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June 15, 2010 Tuesday 5:19 PM EST
SECTION: PERSONAL FINANCE; Personal Finance Daily
LENGTH: 949 words
HEADLINE: New credit-card rules simply move the pain around
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Congress is busy creating a lot of legislative murkiness for consumers to deal with right now.
There’s bank reform — what will the new Consumer Financial Protection Agency look like and how will it work, if and when lawmakers approve it? And, for investors, will lawmakers opt for the House’s provision requiring that brokers abide by a fiduciary standard when they give investment advice, or for the Senate version, which simply calls for studying the issue?
There’s the massive job-creation and tax-break-extension bill — will Congress once again extend emergency unemployment benefits, or not? Is the Cobra payment subsidy coming back anytime soon? Will Democratic Senator Harry Reid’s amendment that would extend the home-buyer tax credit deadline to Sept. 30 (for those who closed on a home by April 30) get attached to the bill, and will it get approved?
It’s confusing, to say the least.
But Tuesday the Federal Reserve stepped in to offer some certainty, at least on the topic of credit-card fees. The Fed set rules capping late and other penalty fees at $25. The cap is even lower for some transactions — the Fed said credit-card companies can’t levy fees higher than the dollar amount of the consumer’s misstep (for instance, if you’re late sending in your $20 minimum payment, the late fee can’t top $20). The Fed rules also prohibit inactivity fees, so if you don’t use your card, you’re OK. The new rules go into effect Aug. 22. Read Jennifer Waters’s story today for more details on the new rules.
It’s good news for consumers, sure. But don’t get too excited. Since the credit-card overhaul passed in 2009, credit-card interest rates have been marching higher. And as our colleagues at SmartMoney note in their story today, you soon may find your rewards programs getting trimmed.
Take away one source of income, and companies will be sure to make it up elsewhere.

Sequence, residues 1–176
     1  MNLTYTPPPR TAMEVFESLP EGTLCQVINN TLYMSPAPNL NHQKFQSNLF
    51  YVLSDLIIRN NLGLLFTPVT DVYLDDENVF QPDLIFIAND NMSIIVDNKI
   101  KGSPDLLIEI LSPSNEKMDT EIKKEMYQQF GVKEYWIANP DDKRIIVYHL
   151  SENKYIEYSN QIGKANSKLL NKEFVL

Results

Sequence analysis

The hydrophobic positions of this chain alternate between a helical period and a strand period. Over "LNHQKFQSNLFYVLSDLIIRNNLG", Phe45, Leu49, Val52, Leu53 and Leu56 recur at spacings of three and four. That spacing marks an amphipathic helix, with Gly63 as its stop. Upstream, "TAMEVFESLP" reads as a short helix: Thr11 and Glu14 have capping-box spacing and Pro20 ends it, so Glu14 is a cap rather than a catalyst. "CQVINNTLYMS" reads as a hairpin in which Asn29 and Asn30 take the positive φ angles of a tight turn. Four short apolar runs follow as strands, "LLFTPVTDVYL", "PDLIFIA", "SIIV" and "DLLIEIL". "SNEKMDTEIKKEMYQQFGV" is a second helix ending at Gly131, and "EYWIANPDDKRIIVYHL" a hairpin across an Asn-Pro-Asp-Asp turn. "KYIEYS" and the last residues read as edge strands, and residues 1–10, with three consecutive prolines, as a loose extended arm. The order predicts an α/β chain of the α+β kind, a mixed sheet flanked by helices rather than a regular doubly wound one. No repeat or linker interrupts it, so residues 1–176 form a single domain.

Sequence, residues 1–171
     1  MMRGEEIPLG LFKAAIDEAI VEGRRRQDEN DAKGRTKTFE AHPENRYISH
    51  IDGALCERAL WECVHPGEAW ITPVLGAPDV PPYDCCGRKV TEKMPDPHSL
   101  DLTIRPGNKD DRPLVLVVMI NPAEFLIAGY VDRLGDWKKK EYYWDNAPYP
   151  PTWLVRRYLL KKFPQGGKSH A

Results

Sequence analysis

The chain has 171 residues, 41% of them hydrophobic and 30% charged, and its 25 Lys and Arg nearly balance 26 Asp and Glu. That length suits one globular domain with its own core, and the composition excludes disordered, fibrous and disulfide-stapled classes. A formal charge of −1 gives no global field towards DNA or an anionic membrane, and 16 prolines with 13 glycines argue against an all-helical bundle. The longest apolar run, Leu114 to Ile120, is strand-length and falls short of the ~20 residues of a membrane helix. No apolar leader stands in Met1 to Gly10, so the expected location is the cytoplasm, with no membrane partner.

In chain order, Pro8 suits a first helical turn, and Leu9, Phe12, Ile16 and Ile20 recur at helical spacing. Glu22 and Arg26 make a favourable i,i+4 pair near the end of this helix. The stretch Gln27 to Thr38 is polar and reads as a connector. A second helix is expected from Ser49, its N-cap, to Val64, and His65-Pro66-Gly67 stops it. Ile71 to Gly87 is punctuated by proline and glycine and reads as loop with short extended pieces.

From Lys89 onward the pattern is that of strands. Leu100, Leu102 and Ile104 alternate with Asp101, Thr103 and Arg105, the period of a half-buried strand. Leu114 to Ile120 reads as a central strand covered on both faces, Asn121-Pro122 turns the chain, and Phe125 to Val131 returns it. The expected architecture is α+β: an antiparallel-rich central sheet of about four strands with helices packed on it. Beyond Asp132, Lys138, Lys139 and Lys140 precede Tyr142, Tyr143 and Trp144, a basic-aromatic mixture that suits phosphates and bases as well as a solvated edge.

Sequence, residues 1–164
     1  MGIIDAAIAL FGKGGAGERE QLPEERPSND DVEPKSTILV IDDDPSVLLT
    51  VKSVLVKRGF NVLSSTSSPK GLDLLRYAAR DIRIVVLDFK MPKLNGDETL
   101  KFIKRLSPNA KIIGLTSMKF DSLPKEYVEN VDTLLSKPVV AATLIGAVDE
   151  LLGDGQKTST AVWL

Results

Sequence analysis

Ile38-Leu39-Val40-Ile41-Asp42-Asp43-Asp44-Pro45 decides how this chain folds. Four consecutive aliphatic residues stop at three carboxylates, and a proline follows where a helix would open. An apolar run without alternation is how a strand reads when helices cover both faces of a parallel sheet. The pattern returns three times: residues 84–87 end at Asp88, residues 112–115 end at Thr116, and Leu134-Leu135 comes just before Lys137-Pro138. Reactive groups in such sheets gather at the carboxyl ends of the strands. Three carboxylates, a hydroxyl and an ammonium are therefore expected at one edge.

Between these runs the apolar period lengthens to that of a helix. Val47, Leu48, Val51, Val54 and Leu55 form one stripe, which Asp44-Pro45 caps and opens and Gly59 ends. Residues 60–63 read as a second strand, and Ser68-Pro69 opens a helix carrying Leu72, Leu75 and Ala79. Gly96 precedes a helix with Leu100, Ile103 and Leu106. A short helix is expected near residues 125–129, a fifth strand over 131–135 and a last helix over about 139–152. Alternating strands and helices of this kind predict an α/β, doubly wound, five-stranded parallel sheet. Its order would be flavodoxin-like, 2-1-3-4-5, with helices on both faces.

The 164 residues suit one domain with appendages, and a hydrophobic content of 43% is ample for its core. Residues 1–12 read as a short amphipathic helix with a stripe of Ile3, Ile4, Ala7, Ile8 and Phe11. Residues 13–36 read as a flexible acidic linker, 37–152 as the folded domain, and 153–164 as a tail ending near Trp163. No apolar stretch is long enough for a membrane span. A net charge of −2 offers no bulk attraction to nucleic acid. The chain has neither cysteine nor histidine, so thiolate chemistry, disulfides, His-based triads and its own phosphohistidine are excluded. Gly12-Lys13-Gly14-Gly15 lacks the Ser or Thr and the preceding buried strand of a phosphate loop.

— , Personal Finance editor
Federal Reserve caps credit-card penalty fees at $25
Consumers, particularly those who are consistently late in paying their credit-card bills, now can breathe a sigh of relief: The Federal Reserve said Tuesday it is limiting penalty fees to no more than $25 in most cases as well as banning so-called “inactivity” fees.
Could financial reform cap credit-card rewards?
Credit-card rewards programs have long been a staple of the industry, but new legislation could lower the benchmark on such programs by tamping down on a revenue stream that helps fund them – the fees businesses pay to accept plastic.
Dads find work-family juggle a struggle, too
Eager to spend more time with his kids and looking for more on-the-job flexibility, Steve Rosen, a 36-year-old father of two, left his job with Comcast in mid-April, and now helps his wife run her pet-services business, Fur-Get Me Not.
Commentary: Stocks don’t have to suffer in midterm election years
Midterm elections got you down? You’re not alone: Many of the advisers I track are arguing that midterm election years (like 2010) are bad for the stock market. But is there any basis for this suspicion? That’s what I set out to investigate for this column.
Why you shouldn’t convert to a Roth IRA
As 2009 came to a close, financial advisers geared up for an expected flood of clients looking to convert their traditional individual retirement accounts to Roth IRAs this year.
Delta plans a JFK makeover for premium travelers
Delta Air Lines Inc. has hit a significant hurdle in growing premium-passenger revenue out of New York: its lousy terminal at John F. Kennedy International Airport. <p>
Swiss lawmakers approve deal to hand UBS data to U.S.
Swiss law makers reportedly voted Tuesday to approve a deal allowing the names of thousands of UBS customers and suspected tax evaders to be handed to U.S. authorities.
ECONOMY & POLITICS
U.S. data point to wobbly recovery
The mixed bag of economic data released Tuesday shows a wobbly recovery in danger of being toppled over, analysts said.
What Obama won’t tell you tonight
President Obama plans to address the nation from the Oval Office tonight on the Gulf oil disaster. Better power up our baloney shields.
Home builders’ index dives after tax break ends
Pessimism among U.S. home builders grew in June after a tax break for home buyers expired, according to a monthly survey released Tuesday by the National Association of Home Builders.
Commentary: Double-dip recession back on table
Where are the big spenders, now that we really need them? The unexpected decline in May’s retail sales has many economists questioning the strength and durability of the nascent recovery.
Bank reform inches forward
Senate and House lawmakers are set Tuesday to consider moves to water down stricter proposed rules on credit raters, toughen rules for private equity firms and raise insurance fees for big banks as they start to iron out differences in their respective sweeping bank reform bills.
Democrats pound oil companies over safety plans
House Democrats pounded oil companies’ disaster-response plans on Tuesday, lashing out as five firms’ chief executives told lawmakers that they need to keep drilling in U.S. waters even in the wake of the disastrous oil spill in the Gulf of Mexico.
Commentary: Doomsday capitalism virus is spreading
Warning: “Capitalism as we knew it is dead.” What a grabber! A flashing neon sign on Times Square near Morgan Stanley? No, it’s the headline on a promo ad for the new book co-authored by the highly regarded American editor of the world’s leading business magazine, the Economist.
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